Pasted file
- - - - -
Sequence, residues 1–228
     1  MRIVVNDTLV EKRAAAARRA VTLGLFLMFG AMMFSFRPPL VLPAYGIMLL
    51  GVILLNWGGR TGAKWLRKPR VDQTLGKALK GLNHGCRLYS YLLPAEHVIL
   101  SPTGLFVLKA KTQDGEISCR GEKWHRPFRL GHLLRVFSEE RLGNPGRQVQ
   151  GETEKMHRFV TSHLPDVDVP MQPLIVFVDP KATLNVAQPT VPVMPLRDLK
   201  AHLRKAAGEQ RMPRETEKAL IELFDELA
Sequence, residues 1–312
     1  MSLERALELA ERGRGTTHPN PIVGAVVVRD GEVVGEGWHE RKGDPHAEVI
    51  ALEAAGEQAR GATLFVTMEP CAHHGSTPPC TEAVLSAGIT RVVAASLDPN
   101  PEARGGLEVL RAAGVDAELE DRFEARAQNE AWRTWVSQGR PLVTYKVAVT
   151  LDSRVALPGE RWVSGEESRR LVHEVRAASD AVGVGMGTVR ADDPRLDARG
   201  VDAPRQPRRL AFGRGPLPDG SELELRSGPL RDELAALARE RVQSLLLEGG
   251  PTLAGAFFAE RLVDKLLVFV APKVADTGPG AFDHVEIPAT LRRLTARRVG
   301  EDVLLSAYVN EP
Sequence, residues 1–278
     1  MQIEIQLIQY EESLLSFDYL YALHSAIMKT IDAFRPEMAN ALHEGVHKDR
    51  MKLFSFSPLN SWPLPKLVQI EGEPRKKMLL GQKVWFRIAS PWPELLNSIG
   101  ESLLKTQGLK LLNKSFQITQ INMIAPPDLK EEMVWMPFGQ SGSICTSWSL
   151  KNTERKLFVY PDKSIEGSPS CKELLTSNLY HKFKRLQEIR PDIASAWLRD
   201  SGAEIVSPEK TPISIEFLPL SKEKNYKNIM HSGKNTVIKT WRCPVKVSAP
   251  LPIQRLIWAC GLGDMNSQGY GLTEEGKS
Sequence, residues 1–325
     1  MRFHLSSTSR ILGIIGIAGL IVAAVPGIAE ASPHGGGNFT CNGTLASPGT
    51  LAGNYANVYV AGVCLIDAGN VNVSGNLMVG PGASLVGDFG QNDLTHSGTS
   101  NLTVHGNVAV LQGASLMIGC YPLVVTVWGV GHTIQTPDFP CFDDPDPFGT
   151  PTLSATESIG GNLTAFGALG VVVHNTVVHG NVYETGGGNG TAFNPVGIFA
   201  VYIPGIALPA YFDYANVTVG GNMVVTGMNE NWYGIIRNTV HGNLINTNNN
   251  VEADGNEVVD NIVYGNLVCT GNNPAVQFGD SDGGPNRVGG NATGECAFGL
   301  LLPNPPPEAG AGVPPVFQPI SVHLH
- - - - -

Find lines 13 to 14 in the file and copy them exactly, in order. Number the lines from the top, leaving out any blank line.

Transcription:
   251  PTLAGAFFAE RLVDKLLVFV APKVADTGPG AFDHVEIPAT LRRLTARRVG
   301  EDVLLSAYVN EP